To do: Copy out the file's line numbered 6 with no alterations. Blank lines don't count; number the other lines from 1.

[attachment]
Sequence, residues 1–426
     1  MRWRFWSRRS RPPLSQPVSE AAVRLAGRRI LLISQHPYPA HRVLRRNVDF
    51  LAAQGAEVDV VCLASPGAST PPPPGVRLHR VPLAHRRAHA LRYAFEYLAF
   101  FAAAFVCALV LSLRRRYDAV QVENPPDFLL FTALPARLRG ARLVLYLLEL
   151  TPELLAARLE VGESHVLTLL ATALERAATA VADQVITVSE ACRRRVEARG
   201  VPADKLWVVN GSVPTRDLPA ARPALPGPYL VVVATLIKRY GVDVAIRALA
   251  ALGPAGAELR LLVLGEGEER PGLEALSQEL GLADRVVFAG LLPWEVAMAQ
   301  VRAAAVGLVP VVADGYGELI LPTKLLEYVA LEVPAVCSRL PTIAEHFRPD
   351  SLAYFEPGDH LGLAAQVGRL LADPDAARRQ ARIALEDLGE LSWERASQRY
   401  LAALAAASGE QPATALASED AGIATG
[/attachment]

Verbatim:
   201  VPADKLWVVN GSVPTRDLPA ARPALPGPYL VVVATLIKRY GVDVAIRALA